In the past week, we have seen graduates from various universities in Namibia claiming their diligent work over the years of studies. Now one wants to pause to acknowledge the efforts rendered in the process and congratulate those young minds of our generation.
Moreover, I have read with keen interest at the critical thinking competition that was launched last week in Windhoek. The Namibian’s acting editor, Christof Maletsky said, “We are pushing pupils to deepen their critical thinking capacities and the way in which they present it,” “We need a thinking nation.”
Rightfully said, but what really is the nature of critical thinking? The proper implementation or teaching of critical thinking in the modern Namibian academic context.
“Knowledge is power”, if the saying is anything to go by, the underlying assumption is that those who do not possess knowledge are indeed powerless. The production of this knowledge is of keen interest to the writer here. Especially what the Namibian nation can offer the global intellectus. The fear is that we have become consumers of knowledge rather than inventors/ producers of knowledge. There is no place in the school curriculum either at primary or secondary school that seeks to impact this.
Let me hurry along and return to the definition of critical thinking. Critical thinking is the use of a combination of logical, rhetorical, and philosophical skills and attitudes which promotes
the ability to discover intersubjectively what we should believe. From logic, critical thinking derives methods for analysing and evaluating arguments. From rhetoric, it derives methods for invention (that is, for generating questions about a given theme or problem) and communication. From philosophy, it derives a critically reflective, reflexive, ethical,and pragmatic attitude.
Too little and to no training in the formal academic setup pays enough attention to the development of logical reasoning in any given subject matter. Overemphasis on theoretical understanding of subject content without allowing the probing of these truths leads to lazy, under-baked intellectuals. A young mind is like a sponge, often absorbing much if given the chance. Therefore the focus of education should be, apart from presenting established truths, (I use the term education loosely here to refer to the processes in teaching methodologies) should allow the deliberate intellectual to suspense of these truths in the classroom setting. Even so, it needs to be stated here that the Namibian knowledge realm is under-represented in the global body of knowledge. We should train our pupils and students alike from an early stageto use rhetorical reasoning which is defined as is the faculty of discovering the crux of the matter. It is a characteristic of rhetorical invention and it precedes argumentation.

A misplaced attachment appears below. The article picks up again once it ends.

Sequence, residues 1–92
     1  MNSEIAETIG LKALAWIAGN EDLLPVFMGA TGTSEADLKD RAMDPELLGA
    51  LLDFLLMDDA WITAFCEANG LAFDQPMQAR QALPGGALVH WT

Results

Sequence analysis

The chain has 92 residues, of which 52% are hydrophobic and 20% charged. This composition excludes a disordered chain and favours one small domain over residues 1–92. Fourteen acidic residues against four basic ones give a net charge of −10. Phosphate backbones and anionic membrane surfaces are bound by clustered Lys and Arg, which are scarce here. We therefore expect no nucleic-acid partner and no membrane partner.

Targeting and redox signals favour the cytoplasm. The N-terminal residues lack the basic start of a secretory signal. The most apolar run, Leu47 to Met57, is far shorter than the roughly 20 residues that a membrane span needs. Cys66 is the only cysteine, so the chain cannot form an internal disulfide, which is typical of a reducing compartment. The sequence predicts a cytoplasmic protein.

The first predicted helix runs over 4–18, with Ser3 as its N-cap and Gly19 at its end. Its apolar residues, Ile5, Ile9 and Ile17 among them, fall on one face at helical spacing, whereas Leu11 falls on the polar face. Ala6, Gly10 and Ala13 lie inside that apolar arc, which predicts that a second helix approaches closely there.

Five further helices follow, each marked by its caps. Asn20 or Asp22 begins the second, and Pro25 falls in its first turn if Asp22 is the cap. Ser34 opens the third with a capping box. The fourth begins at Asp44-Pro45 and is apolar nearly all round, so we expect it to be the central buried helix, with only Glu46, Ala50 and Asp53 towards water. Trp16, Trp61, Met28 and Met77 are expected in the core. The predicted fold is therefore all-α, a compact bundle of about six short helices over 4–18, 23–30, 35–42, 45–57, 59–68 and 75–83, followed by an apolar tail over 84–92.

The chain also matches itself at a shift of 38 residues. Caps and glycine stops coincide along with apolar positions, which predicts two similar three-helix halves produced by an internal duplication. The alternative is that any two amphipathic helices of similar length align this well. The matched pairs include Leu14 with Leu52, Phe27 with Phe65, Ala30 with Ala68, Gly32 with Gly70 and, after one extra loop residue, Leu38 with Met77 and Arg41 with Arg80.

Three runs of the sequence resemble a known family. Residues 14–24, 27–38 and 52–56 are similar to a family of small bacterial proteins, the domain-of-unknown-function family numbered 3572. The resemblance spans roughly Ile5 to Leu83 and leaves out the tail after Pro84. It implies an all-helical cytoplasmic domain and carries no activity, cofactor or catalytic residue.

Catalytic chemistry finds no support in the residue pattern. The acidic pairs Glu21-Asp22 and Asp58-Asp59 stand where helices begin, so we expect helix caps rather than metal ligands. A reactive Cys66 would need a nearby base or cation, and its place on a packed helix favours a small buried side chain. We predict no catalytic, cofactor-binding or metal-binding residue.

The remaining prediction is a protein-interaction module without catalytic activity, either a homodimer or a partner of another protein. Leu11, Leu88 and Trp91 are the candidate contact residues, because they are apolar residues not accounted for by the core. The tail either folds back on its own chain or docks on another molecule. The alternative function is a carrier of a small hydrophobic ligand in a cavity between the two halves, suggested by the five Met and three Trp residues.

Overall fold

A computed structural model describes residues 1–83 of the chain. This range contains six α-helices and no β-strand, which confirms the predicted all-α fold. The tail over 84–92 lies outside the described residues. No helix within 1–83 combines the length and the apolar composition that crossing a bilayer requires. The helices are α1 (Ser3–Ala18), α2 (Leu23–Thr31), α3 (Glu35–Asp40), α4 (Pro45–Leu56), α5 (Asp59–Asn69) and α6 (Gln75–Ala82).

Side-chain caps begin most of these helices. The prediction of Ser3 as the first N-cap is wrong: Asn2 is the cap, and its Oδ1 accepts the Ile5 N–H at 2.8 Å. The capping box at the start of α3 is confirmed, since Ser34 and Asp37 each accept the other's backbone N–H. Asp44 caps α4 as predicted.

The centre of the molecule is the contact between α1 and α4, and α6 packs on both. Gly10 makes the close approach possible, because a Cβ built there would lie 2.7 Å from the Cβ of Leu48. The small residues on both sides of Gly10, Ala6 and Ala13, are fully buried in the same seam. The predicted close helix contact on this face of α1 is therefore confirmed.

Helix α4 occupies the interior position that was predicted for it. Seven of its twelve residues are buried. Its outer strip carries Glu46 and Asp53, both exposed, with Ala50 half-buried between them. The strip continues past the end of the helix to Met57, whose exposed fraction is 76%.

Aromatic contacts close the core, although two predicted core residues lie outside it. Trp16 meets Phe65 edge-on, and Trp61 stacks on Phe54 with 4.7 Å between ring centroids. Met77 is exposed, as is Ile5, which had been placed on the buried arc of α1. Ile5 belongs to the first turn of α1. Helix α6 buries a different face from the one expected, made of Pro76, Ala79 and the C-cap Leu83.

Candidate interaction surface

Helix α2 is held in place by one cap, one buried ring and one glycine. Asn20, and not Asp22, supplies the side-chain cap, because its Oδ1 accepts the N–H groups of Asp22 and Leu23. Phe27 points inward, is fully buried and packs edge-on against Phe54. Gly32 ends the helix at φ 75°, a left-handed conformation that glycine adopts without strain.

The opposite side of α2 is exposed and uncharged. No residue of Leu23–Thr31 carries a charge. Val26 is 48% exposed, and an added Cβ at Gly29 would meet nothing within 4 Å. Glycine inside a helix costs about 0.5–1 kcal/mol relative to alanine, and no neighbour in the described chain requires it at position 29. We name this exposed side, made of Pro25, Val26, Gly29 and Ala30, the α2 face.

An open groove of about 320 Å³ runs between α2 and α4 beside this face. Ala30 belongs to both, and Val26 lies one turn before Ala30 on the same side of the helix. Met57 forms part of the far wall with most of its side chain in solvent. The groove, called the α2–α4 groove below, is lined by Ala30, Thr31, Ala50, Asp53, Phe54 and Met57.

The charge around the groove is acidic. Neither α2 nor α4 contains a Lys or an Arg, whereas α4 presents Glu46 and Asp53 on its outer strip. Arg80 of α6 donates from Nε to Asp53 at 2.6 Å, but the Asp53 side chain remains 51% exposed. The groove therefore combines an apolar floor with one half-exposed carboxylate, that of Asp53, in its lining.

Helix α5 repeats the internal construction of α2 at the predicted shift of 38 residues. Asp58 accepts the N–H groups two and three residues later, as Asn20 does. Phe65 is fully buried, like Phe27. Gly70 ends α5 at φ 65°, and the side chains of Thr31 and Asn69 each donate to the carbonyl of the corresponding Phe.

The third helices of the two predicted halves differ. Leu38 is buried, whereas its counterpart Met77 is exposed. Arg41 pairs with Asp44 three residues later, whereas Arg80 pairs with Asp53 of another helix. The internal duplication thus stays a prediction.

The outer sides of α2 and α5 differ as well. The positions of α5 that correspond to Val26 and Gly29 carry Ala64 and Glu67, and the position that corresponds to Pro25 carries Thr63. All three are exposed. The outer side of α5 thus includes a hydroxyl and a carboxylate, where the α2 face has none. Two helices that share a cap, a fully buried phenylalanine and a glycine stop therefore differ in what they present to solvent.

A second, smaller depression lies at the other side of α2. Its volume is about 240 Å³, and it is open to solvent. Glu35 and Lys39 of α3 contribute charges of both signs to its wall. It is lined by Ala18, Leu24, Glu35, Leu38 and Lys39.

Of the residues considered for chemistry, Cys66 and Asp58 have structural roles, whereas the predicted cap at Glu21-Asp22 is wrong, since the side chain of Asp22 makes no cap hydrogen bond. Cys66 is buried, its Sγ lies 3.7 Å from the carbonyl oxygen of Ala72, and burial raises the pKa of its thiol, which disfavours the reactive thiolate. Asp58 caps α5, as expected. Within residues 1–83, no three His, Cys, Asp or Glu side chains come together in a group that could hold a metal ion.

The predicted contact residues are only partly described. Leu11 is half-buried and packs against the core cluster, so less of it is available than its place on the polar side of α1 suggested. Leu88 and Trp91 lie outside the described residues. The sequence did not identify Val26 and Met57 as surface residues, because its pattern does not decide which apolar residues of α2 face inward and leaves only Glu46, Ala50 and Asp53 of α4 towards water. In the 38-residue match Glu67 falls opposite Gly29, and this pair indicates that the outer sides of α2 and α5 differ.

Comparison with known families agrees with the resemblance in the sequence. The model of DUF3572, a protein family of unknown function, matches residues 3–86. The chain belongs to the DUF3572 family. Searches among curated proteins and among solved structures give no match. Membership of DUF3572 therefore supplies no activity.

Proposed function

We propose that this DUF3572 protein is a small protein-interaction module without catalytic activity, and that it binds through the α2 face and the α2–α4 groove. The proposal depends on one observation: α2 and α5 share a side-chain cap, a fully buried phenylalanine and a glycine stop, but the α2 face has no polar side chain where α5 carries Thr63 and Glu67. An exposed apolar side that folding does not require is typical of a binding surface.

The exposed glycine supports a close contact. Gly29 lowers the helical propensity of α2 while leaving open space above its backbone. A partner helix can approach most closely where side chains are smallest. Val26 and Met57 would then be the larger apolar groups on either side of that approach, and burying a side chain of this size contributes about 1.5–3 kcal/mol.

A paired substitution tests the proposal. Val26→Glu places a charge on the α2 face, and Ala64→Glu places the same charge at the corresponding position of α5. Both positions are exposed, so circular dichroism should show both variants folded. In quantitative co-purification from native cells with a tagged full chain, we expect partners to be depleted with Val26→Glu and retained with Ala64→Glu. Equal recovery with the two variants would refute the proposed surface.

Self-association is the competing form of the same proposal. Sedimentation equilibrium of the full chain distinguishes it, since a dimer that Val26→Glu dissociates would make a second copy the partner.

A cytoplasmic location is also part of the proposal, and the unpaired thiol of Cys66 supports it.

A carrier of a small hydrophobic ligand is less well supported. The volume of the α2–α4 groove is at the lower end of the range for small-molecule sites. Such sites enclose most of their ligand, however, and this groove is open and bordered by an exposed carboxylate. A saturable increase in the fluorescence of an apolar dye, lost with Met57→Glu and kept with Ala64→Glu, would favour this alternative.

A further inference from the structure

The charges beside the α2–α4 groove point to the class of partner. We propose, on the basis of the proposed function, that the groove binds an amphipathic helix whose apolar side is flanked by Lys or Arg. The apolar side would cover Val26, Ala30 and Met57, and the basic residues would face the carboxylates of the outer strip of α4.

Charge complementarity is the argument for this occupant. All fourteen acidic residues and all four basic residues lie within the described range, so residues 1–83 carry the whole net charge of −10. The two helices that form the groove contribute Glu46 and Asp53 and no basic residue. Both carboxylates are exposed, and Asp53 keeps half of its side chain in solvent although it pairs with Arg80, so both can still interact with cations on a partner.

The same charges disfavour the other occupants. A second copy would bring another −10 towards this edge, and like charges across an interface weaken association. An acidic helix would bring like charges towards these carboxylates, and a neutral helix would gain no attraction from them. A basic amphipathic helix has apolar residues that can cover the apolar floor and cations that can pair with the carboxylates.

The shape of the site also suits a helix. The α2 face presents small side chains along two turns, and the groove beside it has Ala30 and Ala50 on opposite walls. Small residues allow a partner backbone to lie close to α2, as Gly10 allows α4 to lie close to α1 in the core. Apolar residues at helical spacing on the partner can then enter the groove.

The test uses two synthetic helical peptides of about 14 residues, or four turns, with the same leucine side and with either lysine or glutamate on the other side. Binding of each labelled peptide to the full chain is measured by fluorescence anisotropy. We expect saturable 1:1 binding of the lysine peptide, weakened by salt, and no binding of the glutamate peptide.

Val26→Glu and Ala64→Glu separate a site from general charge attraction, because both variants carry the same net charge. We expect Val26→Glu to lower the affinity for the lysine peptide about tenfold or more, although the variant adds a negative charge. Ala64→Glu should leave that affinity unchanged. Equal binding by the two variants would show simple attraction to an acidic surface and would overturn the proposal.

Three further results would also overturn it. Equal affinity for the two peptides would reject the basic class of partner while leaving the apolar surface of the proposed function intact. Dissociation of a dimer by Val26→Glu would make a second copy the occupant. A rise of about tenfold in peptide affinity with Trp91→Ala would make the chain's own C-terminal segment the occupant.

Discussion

And it aims at using reason and evidence to express opinions, show weaknesses in other’s argument and to achieve correct view and mutual understanding. To that end, knowledge is not parroted but becomes alive in minds of the people.
Critical thinking is a skill of thinking that can be taught, and it surpasses the ideologies that intelligence is in-born or a talent gifted to some and not others. The restlessness of an inquisitive mind can be nurtured and it should. Minds can be trained to analyze, evaluate, and re-evaluate the content of any subject matter in hope to arrive at a new position of knowledge or gain greater understanding of existing knowledge. Knowledge should always be interrogated and not rubber stumped.
Where are the great minds of Africa; the likes of Kwame Gyekye, Mbiti, John S, Eze, Emmanuel Chukwudi, Masolo, D. A. Oh, how I long to see the rise of great minds in Namibia like these and more.
Confidente. Lifting the Lid. Copyright © 2015